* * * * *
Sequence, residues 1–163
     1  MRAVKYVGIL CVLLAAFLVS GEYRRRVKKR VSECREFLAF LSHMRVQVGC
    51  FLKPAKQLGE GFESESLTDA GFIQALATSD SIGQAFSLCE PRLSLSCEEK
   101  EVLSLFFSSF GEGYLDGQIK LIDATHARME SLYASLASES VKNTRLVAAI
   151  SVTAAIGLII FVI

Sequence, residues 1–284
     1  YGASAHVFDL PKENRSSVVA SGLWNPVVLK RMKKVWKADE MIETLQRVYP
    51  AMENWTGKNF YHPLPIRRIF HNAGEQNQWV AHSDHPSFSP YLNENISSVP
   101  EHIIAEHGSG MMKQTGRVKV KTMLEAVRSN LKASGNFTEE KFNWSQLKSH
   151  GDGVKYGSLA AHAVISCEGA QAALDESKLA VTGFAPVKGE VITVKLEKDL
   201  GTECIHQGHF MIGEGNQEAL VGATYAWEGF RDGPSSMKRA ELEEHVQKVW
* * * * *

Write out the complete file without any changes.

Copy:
Sequence, residues 1–163
     1  MRAVKYVGIL CVLLAAFLVS GEYRRRVKKR VSECREFLAF LSHMRVQVGC
    51  FLKPAKQLGE GFESESLTDA GFIQALATSD SIGQAFSLCE PRLSLSCEEK
   101  EVLSLFFSSF GEGYLDGQIK LIDATHARME SLYASLASES VKNTRLVAAI
   151  SVTAAIGLII FVI

Sequence, residues 1–284
     1  YGASAHVFDL PKENRSSVVA SGLWNPVVLK RMKKVWKADE MIETLQRVYP
    51  AMENWTGKNF YHPLPIRRIF HNAGEQNQWV AHSDHPSFSP YLNENISSVP
   101  EHIIAEHGSG MMKQTGRVKV KTMLEAVRSN LKASGNFTEE KFNWSQLKSH
   151  GDGVKYGSLA AHAVISCEGA QAALDESKLA VTGFAPVKGE VITVKLEKDL
   201  GTECIHQGHF MIGEGNQEAL VGATYAWEGF RDGPSSMKRA ELEEHVQKVW